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How carbon helped to thaw the planet

Posted on Friday, 6 April, 2012 | Comment icon 43 comments | News tip by: Karlis

Image credit: Andrew Mandemaker

In a new study scientists have been investigating how CO2 levels helped to end the last ice age.

The research has shown that rising CO2 levels combined with a number of other factors were responsible for warming the planet enough to end the last ice age around 20,000 to 10,000 years ago. Lead author Jeremy Shakun emphasised that while changes in the Earth's orbit were a factor, the amount of carbon dioxide in the atmosphere played a much more significant role. "Our study shows that CO2 was a much more important factor, and was really driving worldwide warming during the last deglaciation," he said.

"Harvard scientists are helping to paint the fullest picture yet of how a handful of factors, particularly world-wide increases in atmospheric carbon dioxide, combined to end the last ice age approximately 20,000 to 10,000 years ago."

  View: Full article |  Source: Science Codex

  Discuss: View comments (43)


Recent comments on this story
Comment icon #34 Posted by Doug1o29 on 6 April, 2012, 16:01
I'm a bit hesitant, too, but I think we're reaching the point where it is riskier to continue with business as usual. The reactors I'm talking about are fast breeders. I'm no expert, so you probably ought to look them up on Google. They use a different isotope (element?) that produces decay products with shorter half-lives. They're still radioactive, but the time we'd have to store them is a lot shorter. Fast breeders are about 100 times more efficient than thermal plants, so they take a lot less fuel. They can re-use waste from thermal plants and weapons, but it has ... [More]
Comment icon #35 Posted by JayMark on 6 April, 2012, 16:27
In this case, it's just a question of time before we pass a point of non-return and face a major global crisis. On one side you have us that say that we need to massively cut our carbon emissions but since this will have an impact of the profits of oil and gas companies for instance, they do whatever they can to prevent this, hence the big misinformation campains. If these companies are forced to reduce their activities, prices will go up and it will be a mess. I understand that. But frankly, this mess will be due to those companies refusing to lose money despite the fact that they alrea... [More]
Comment icon #36 Posted by cerberusxp on 7 April, 2012, 9:34
Their time scale in the ice core samples are flip flopped to fit their agenda! Alas more junk science.
Comment icon #37 Posted by cerberusxp on 7 April, 2012, 12:04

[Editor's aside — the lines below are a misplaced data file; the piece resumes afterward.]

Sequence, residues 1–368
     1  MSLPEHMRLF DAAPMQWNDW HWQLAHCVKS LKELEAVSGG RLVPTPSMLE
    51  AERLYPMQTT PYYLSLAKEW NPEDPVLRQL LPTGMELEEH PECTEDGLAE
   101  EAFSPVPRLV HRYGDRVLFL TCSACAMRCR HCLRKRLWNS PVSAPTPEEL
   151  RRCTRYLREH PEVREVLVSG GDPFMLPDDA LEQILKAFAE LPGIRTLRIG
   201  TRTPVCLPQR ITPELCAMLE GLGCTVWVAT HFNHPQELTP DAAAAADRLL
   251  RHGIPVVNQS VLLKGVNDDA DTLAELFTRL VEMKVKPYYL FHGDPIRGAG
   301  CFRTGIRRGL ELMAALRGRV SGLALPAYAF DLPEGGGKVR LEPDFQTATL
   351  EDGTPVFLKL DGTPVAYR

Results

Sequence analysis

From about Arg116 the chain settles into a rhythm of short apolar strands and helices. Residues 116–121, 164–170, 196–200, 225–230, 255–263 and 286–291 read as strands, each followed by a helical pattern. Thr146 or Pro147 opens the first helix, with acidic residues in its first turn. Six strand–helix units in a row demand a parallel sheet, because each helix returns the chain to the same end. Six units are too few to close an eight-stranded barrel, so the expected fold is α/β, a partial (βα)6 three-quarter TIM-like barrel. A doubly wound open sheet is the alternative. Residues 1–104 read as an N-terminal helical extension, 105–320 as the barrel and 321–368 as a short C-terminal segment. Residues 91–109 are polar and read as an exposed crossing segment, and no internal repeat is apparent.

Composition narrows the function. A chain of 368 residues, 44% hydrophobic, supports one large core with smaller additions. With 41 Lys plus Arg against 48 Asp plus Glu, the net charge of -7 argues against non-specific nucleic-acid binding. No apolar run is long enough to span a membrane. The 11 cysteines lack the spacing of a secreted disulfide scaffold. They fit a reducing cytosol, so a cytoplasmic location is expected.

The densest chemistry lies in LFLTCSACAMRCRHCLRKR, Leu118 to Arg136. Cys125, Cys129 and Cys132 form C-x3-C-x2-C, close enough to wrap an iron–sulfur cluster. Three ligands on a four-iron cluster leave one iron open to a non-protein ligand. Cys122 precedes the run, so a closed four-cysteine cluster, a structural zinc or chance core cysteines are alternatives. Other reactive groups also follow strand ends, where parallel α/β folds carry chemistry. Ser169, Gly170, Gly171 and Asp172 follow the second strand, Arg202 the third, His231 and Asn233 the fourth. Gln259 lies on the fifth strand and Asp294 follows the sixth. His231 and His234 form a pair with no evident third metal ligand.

I love it when people OMIT factors in research. As warming occurs what happens? Plants grow more abundant thus EATING more CO2. = More forage, more food, more oxygen. Lets ju8st get rid of CO2 altogether alright? Then no one would have to worry about anything ever again. Famine, the earth would turn into a climate much like MARS no more plants.
Comment icon #38 Posted by Essan on 7 April, 2012, 13:31
None of those straw men are in any way relevant to this particular discussion But, back on subject, it seems that there are questions on the validity of Shakun etal's conclusions - as . There should be an article on shortly to further address this. (none of which changes the fact that the argument that "because ice cores show CO2 following temp, then CO2 cannot cause temp to rise", is one of the funniest fallacies of the 21st century )
Comment icon #39 Posted by Doug1o29 on 7 April, 2012, 17:22
Research projects can't physically encompass everything at once. Those who are interested in the subject have to do a LITTLE digging on their own. Only about half the CO2 emitted by humans since 1960 is still in the air. Plants can't account for that much. But that's only half. Look at a graph of Keeling's CO2 measurements. It shows the seasonal effect of plants. But CO2 levels continue to rise in spite of plants. Plants are not absorbing the extra CO2. Your thesis is flawed. And I love it when deniers OMIT pertinent research. Doug
Comment icon #40 Posted by Doug1o29 on 7 April, 2012, 17:31
What is your basis for this conclusion? I may be touring the Lamont-Dougherty facilities in a few months. If you have a question about their work, I can ask it for you. While we're on the topic, how do you assess the time scales in dendrochronology? Doug
Comment icon #41 Posted by BFB on 9 April, 2012, 11:58
Because the IPCC's report is full of embarrassing and wrong research. Regarding startospheric water vapor. A 10% decline in startospheric water vapor since 2001 would not be able to account for the low raditaive forcing the IPCC issued in their graph. Bottom line stratospheric water vapor has a bigger impact than the IPCC thought. As for contrails, its not really the contrails which is the big problem. Its the large cirrus clouds they produce.
Comment icon #42 Posted by JayMark on 10 April, 2012, 14:50
The thing is, you are right about more CO[sub]2[/sub] = increased plant groth = more food, oxygen etc. But vegetation is dying in many places as a concequence of global warming which is mainly due to anthropogenic CO[sub]2[/sub] emissions. This leads to less uptaken CO[sub]2[/sub], more methane, even more CO[sub]2[/sub], less food and less oxygen. At the rate at which it is changing, we will see more trees diying than growing for quite a long time. Not to mention the problems with current agriculture. You need to look at both sides of the coin in everything. More CO[sub]2[/sub] also acidifie... [More]

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